Nobody ever said that the run-up to a presidential election amid a global pandemic in the middle of the busiest earnings week of the year was going to be a walk in the park! That said, we probably could have anticipated some pretty wild volatility, which is exactly what we got as Apple (NASDAQ: AAPL) fell 4.63% last night; and it wasn’t the only one…
Big Tech’s big losses
On Wednesday, the Dow Jones Industrial Average experienced its fourth-straight session of losses after falling 3.4%, the S&P 500 slipped 3.5%, and the tech-heavy Nasdaq dropped 3.7%. It was the market’s worst day since early June, and no wonder given that coronavirus cases are surging, there’s no stimulus plan, and uncertainty reigns.
Tech led the way with losses as the five largest tech companies shed a collective $260 billion in value over the past two days. Here’s how much in value the ‘Big 5’ have shed since Monday::
- Apple: $70 billion
- Amazon: $30 billion
- Alphabet: $50 billion
- Facebook: $40 billion
- Microsoft: $70 billion
Even with wider market sell-offs, the likes of Facebook and Alphabet are in a spot of trouble as they were called to defend their legal liability shield in Congress yesterday, alongside Twitter. For this added uncertainty, it’s understandable that investors might be worried about the implications any sanctions might have for these businesses.
However, shuffled away in the background and largely ignored by analysts, recently uncovered Apple plans could be pointing towards a potential goldmine for the iPhone-maker.
Apple’s unique opportunity
Last week it was revealed that the Justice Department’s recent antitrust lawsuit against Alphabet for search engine dominance may have very serious implications for fellow Big Tech giant Apple. The DOJ cited “public estimates” to claim that the iPhone-maker collects between $8 billion and $12 billion in annual payments from Google for having the search-engine as its smartphones’ default browser — representing between 17% and 26% of Apple’s total services revenue. Analysts then wondered if this DOJ investigation could scupper Apple’s services growth should they force policy changes that prevent the two tech giants from working so closely together.
As usual, it looks like Apple has taken matters into its own hands.
According to a report in the Financial Times on Wednesday, Apple may be developing a search competitor to Google. Apple is, for the first time, showing its iPhone search results and linking directly to websites when users type queries from its home screen in iOS 14. Whereas Apple’s built in Safari search engine currently relies on Google and Bing analytics, these prospective changes would remove any reliance on third-party engines or data. This behavior has been known for a while as people have seen the feature pop up in beta versions of iOS, while search volume being notably up on Apple’s crawler is something that analysts have been noting for months. Though merely speculation, this behavior marks a significant step-change in Apple’s in-house search development and could be the basis for a broader push into search.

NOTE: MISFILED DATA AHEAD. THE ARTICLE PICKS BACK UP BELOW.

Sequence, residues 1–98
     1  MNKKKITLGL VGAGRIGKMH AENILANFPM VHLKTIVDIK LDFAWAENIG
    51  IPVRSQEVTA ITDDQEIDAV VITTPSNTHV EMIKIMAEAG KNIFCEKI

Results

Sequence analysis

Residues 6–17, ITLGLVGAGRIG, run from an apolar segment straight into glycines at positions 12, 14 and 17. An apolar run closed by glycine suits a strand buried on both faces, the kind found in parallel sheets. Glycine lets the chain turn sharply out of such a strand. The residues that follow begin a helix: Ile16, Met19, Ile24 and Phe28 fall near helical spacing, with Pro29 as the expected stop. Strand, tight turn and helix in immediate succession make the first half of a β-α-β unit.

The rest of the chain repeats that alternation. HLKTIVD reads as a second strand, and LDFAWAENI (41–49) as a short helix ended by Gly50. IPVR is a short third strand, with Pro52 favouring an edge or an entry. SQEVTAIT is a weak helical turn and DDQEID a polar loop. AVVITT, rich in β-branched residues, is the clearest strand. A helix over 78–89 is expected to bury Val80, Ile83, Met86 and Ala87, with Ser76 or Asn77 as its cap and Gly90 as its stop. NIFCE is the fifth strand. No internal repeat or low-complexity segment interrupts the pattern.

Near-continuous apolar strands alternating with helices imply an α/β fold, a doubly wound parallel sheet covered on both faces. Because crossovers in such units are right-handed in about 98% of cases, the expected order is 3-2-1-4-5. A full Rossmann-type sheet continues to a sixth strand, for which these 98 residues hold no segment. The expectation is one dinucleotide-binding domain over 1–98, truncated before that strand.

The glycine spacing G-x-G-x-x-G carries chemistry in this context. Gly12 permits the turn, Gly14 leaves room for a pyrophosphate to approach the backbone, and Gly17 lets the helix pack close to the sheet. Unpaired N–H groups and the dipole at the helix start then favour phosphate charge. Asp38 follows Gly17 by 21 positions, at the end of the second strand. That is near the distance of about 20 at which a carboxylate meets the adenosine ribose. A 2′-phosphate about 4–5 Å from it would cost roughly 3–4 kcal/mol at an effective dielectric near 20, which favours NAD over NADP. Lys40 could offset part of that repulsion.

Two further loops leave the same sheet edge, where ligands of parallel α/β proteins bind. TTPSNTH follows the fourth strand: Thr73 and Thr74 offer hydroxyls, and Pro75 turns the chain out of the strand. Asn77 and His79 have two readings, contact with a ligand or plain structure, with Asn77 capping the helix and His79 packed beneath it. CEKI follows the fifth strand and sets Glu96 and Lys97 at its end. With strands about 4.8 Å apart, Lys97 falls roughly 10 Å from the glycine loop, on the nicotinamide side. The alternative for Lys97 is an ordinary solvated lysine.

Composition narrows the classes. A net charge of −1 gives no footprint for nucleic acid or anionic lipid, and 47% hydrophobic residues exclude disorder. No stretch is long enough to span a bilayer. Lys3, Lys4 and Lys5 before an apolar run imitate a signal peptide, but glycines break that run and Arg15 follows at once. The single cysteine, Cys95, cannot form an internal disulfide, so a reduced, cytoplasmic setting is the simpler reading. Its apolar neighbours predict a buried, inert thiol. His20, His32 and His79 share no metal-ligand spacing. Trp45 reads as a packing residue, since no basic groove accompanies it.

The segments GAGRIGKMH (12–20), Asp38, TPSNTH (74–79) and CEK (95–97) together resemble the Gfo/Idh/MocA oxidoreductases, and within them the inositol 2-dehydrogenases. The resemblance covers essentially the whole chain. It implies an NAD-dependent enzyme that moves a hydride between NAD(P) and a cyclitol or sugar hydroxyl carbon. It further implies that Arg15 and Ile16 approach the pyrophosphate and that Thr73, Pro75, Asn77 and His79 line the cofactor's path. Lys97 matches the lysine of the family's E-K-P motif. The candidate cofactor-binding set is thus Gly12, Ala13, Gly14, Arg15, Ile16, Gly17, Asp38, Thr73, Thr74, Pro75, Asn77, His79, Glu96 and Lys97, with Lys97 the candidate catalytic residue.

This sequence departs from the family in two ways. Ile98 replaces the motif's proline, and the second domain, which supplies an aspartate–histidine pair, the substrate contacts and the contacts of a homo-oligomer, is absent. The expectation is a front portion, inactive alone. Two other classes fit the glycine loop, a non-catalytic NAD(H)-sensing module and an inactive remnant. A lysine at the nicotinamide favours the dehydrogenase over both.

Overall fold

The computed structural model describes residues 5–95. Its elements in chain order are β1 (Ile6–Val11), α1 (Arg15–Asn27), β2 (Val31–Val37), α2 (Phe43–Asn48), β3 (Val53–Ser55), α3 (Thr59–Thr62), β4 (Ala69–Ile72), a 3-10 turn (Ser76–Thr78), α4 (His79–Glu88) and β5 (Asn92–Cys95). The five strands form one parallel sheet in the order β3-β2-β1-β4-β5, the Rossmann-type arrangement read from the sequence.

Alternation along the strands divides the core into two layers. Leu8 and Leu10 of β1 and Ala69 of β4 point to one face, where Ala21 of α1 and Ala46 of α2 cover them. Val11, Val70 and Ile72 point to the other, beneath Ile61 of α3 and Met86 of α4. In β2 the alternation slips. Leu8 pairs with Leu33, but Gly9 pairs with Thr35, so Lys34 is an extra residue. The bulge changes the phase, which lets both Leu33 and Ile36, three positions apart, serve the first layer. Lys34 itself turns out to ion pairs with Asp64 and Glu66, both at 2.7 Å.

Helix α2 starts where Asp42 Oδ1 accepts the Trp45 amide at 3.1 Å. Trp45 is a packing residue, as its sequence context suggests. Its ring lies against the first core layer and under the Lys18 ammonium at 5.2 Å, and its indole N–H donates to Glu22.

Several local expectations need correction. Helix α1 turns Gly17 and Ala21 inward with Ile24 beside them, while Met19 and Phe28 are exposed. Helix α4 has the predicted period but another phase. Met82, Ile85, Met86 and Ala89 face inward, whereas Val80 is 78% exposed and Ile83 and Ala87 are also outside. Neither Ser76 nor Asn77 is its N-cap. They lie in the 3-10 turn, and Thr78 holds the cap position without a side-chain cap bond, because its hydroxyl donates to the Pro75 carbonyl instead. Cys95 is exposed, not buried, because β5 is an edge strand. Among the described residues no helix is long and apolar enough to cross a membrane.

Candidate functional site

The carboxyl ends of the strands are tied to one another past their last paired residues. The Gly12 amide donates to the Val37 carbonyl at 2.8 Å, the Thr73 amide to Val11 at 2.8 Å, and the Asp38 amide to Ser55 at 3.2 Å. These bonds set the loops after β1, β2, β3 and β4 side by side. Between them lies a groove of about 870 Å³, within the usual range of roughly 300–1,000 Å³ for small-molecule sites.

Need some more conspiracy theory-esque proof that Apple’s up to something? Three years ago, Apple nabbed Google’s head of search, John Giannandrea — *mind blown*.
So, what does this mean?
Try not to dwell too much on the irony of an antitrust investigation potentially leading to greater competition between the most anti-competitive businesses out there, and instead focus on the financial implications of such a move:
- As the world’s most valuable company, and an extremely popular one at that, Apple can make its search engine the primary service for its estimated 1 billion+ active products.
- Google’s search engine business is a multibillion-dollar industry on its own, and has gone largely unchallenged until now — roughly 80% market share —, so there’s plenty of space for Apple to move into.
- Although Apple will lose billions per year at first as it loses Google’s annual payments, it will more than make up for it, in the long run, should its search engine take off.
- Apple rarely fails. It didn’t make the first smartphone, smartwatch, earbuds, tablet, or notebook, but it became a market leader in those spaces anyway.
Is Apple stock a good buy?
Let’s look at the facts:
- Apple has pushed towards services growth in recent years, removing overreliance on the iPhone, which accounts for 50% of its total revenue.
- It is now making chips for Macbook, no longer relying on Intel for production.
- It could soon create a search engine, removing any reliance on Google.
With advances in the healthcare space, services and wearables dominating across the board, and one of the most recognizable brands on the planet, any dip in Apple’s stock price should set investors’ hearts alight. Somehow, at a roughly $2 trillion valuation, it seems like Apple is only getting started.
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MyWallSt operates a full disclosure policy. MyWallSt staff currently holds long positions in companies mentioned above. Read our full disclosure policy here.
Editor at MyWallSt
Jamie is the Content Editor here at MyWallSt. His favorite stock is Apple, which is also the first stock he ever bought. Jamie is not only a big fan of its products, but he believes that the tech giant has a whole lot more to give the world, and hasn't even scraped the surface of its potential.